Canned salmon was often made into little fried salmon cakes in my grandmother’s kitchen, usually made with leftover potatoes from another meal and mixed with another cheaper white fish. For these salmon cakes, I’ve swapped out the potatoes for parsnips, which give a little sweetness that goes perfectly with the dried dill flecked through the little cakes. Instead of standing over the stove frying multiple batches, I opted to oven bake these, which makes this a great recipe to whip up at the weekend and stash for lunches throughout the week. They are great hot or cold and along with a salad make a good office lunch without much effort.

Baked Parsnip Salmon Cakes from #paleo #aip #autoimmune #whole30

I used this wild pink salmon for this recipe, since there are no surprise ingredients in there, just salmon and salt. I’ve linked to it on Amazon so that you can take a look, but I’ve found that I can purchase it at a much better price in stores. Here in Arizona, you can find it at Costco, Safeway, Fry’s, Sprouts and Natural Grocers. Here’s a handy dandy location finder for you!

These salmon cakes are Autoimmune Protocol and Whole30 compliant!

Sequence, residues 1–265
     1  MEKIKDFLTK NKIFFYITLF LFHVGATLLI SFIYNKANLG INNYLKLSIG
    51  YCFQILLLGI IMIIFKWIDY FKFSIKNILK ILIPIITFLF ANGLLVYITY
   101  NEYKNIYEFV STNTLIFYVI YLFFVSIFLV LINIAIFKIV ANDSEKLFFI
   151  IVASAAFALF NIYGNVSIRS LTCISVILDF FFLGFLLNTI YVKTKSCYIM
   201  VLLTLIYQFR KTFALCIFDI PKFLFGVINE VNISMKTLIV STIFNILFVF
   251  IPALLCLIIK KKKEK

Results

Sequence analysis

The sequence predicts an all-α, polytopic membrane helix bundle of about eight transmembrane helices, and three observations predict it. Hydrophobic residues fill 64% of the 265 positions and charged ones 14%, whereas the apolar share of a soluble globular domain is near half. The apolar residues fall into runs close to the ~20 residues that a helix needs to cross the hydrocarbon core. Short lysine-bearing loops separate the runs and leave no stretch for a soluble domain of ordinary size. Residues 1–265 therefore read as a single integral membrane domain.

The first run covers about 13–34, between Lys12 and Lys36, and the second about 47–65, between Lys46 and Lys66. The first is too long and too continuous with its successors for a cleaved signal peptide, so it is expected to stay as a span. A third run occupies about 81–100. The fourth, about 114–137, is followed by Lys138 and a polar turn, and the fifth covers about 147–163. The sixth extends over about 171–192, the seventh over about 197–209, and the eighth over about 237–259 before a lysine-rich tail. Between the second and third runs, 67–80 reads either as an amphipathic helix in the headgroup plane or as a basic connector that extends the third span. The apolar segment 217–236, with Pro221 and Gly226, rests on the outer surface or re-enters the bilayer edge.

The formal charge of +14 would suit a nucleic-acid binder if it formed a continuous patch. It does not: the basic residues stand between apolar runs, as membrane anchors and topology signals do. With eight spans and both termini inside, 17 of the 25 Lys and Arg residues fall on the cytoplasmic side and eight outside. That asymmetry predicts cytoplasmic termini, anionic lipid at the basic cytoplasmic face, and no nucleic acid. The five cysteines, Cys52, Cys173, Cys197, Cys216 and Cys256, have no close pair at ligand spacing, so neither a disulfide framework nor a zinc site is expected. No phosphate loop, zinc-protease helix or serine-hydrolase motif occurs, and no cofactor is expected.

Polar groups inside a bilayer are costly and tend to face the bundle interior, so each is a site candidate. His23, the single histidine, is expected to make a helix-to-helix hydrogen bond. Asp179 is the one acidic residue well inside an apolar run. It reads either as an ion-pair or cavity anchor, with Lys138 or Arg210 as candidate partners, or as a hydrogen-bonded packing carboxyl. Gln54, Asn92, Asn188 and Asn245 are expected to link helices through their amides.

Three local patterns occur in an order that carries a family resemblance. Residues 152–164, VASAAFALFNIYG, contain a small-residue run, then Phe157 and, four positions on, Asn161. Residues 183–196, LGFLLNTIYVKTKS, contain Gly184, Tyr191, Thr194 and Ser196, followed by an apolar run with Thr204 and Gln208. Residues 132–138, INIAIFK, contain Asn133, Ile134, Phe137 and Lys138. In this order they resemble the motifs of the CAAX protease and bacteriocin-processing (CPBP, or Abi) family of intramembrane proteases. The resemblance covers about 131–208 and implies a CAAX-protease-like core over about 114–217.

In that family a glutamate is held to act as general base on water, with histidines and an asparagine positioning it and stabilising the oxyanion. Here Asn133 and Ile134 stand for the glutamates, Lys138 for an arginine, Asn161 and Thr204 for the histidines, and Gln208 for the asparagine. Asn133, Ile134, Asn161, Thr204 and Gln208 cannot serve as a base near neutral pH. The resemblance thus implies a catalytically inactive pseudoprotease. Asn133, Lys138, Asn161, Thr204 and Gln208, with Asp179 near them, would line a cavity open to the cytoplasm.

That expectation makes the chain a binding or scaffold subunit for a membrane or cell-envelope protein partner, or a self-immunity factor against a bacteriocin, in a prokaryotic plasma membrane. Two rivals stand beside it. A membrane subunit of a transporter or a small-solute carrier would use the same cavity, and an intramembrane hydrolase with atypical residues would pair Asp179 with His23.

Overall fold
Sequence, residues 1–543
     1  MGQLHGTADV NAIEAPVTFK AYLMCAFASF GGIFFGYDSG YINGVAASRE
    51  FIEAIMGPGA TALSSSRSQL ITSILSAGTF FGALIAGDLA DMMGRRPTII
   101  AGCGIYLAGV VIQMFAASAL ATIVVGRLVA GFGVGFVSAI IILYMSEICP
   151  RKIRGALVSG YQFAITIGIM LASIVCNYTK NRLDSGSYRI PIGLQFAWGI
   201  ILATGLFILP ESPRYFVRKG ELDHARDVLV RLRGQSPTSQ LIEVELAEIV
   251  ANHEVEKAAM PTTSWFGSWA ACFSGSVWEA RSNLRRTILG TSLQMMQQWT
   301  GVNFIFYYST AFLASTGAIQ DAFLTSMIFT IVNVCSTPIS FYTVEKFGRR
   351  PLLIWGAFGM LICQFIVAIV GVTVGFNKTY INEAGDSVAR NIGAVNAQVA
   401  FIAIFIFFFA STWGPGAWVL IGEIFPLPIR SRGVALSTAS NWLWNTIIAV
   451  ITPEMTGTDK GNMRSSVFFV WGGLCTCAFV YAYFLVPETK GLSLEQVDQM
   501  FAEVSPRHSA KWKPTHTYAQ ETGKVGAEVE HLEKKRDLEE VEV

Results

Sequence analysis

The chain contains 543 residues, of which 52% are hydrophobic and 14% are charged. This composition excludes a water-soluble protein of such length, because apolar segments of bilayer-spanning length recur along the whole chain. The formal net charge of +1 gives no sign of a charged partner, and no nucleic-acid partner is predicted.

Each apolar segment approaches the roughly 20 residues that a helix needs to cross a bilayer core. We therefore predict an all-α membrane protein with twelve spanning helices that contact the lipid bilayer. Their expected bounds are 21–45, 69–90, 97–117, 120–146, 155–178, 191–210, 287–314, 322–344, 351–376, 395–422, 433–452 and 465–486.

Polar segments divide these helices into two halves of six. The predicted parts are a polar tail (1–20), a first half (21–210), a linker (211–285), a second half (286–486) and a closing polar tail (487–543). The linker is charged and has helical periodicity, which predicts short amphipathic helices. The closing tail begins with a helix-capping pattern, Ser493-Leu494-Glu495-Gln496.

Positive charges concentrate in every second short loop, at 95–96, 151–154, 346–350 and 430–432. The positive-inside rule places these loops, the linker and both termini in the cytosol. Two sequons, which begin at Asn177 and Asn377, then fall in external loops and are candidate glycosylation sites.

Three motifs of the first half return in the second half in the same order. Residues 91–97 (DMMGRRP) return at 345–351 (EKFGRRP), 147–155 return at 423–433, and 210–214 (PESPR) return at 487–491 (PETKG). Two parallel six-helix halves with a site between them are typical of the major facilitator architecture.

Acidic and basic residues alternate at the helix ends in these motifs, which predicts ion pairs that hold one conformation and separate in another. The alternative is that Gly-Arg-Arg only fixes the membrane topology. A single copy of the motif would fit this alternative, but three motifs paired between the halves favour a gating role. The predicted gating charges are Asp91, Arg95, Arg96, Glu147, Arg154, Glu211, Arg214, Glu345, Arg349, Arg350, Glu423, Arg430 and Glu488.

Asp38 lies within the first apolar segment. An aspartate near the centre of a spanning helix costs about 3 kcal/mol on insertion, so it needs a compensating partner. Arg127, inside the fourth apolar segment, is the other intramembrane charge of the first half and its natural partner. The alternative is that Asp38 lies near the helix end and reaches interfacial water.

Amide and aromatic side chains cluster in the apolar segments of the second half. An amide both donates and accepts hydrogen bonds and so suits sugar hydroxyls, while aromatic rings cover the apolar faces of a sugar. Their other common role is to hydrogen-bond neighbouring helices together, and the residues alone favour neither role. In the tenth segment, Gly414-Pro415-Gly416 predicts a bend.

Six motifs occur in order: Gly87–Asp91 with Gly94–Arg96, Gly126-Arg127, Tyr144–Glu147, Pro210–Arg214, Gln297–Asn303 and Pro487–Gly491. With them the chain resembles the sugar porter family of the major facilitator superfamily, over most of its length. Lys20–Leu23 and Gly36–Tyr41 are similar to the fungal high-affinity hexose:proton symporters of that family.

Baked Parsnip Salmon Cakes

  • Yield: 8 salmon cakes 1x




MASH: Peel the parsnips and trim off and discard the ends. Slice the parsnips, cutting the thicker ends in half through the stems before slicing so that all the pieces are roughly the same size. Cover with water and bring to a boil, then reduce the heat to a simmer. Cook until the parsnips are fork tender, about 15 – 20 minutes. Drain the parsnips and let them cool slightly for a few minutes until any steam dissipates. Use a potato masher or fork to roughly mash the parsnips together: we need a mash, not a puree for this to work.

MIX: Drain the salmon and flake it into the pan with the mashed parsnips. Add the dill, garlic and salt, then mix to combine all the ingredients evenly.

BAKE: Preheat the oven to 425 F / 220 C and line a rimmed baking sheet with parchment paper. Brush a little avocado or coconut oil onto the parchment paper. To make about 8 evenly sized cakes, pack the parsnip mixture into a 1/4 cup / 120 ml measuring cup or 4 tablespoon scoop, then place the rounds onto the baking tray, flattening the tops and smoothing the sides in your hands as needed. Brush the tops of the salmon cakes with a little extra oil and bake them for 15 minutes. Use a small silicone spatula to carefully flip the cakes over, then return the to the oven until they are lightly golden brown, about another 5 – 10 minutes. Serve immediately with a few lemon wedges – they’re also tasty cold and make a great portable lunch addition!